If you have gotten through parts 1 and 2 of our series, you now have a sparkling new Linux system that displays -- a prompt! But if you think it only displays one prompt, you'd be wrong, as we shall soon see.
Let's fire up our system and log in again as the root user.
One of the commands I often use is locate, which rapidly searches a small database of files installed on the system. locate is installed on our system but when we try to use it we get the following message:
linuxbox:~# locate foo
locate: can not open `/var/lib/mlocate/mlocate.db': No such file or directory
This message appears when you try to use the locate command before the database is created. Normally the database is rebuilt each night by a cron job, but unless you let the machine run overnight, the database will never get built. We'll fix this problem in a little bit, but to solve the problem in the meantime, we'll run the database update program manually:
After it completes, locate should start to work. If you are unfamiliar with this wonderful utility, now is a good time to look at its man page.
If we enter the command:
linuxbox:~# locate foo
We will get back a long list of filenames containing the string "foo." Go ahead and do this. Notice how the list scrolls off the top of the screen. Next, type shift-PageUp and notice how we are able to scroll up the list. Shift-PageDown scrolls downward.
The terminal screen is only 80 characters wide but sometimes a command will output lines wider than 80 characters. This will usually cause the text to wrap but in some rare instances it will actually go off the edge of the screen. In these cases, you can scroll the screen sideways by using the shift-right arrow and shift-left arrow.
To see the next keyboard trick, type Alt-F2 and you will see a new login prompt. Actually you are seeing another virtual terminal you can log into. Go ahead and log in using your ordinary user name and password. Now try the who command:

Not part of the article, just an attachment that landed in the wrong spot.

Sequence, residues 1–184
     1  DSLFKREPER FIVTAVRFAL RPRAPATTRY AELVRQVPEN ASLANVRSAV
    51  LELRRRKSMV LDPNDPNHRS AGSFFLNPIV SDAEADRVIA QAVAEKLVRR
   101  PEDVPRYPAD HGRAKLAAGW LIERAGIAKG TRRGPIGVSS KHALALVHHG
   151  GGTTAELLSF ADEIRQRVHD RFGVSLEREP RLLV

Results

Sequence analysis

me@linuxbox ~$ who root tty1 2009-03-04 13:49 me tty2 2009-03-04 14:28
As we can see, we have two users logged in. Type Alt-F3 and we'll see another virtual terminal. In fact, on our system, Alt-F1 through F6 provide separate terminals we can use. You can use Alt-right and left arrows to rapidly cycle through them.
Wouldn't It Be Great If The Mouse Worked?
Let's go back to the first terminal session where root is logged in by typing Alt-F1. Then start up the aptitude program:
aptitude is a fancy character based way to install packages on Debian and other Debian-based distributions. It has many features and is a handy way to manage packages on our system. The apt-get program is also available. aptitude features a multi-pane screen:
It took me a few minutes to figure out the user interface, but after installing a few packages with it, I figured it out. We're going to use aptitude to install a couple of packages. We'll use its search feature to help us out. Type / and a search prompt should appear. Enter "anacron" and it should find the package in its database.
You can use the tab key to toggle between the two display panes. With the package name highlighted, press the + key to mark the package for installation. Next, let's do another search, this time for "gpm". If it does not find it the first time, type "n" to search for the next occurrence. Repeat until it finds a package named simply gpm. This use of / (search) and n (next) is the same as the less program. Again, type + to mark the package for installation.
With our two packages selected, it's time to install them. We do this by typing "g" (for "go".) aptitude will display a summary of the actions it is about to take and by pressing "g" a second time, the installation will commence. When installing gpm for the first you will see an error message about being unable to shut down the daemon. This may be safely ignored.
When the aptitude screen returns, type "q" to quit.
We have now installed anacron, which will make sure that periodic tasks (like running updatedb) take place even if the machine is not run continuously. We also installed gpm which should make the mouse work. Some of the programs that we will install in upcoming installments can use a mouse, but its most useful feature is that we can now use the mouse to copy and paste text, just like we can on the X display. The only difference is that the right button is used to paste rather than the middle button.
You can terminate your extra terminal sessions by typing "exit" and root can shut down the machine by:
linuxbox:~# shutdown -h now
That's all for today. See you again soon!
Other installments in this series: 1 2 3 4 5 6 7 8 9 10 11 12 13 14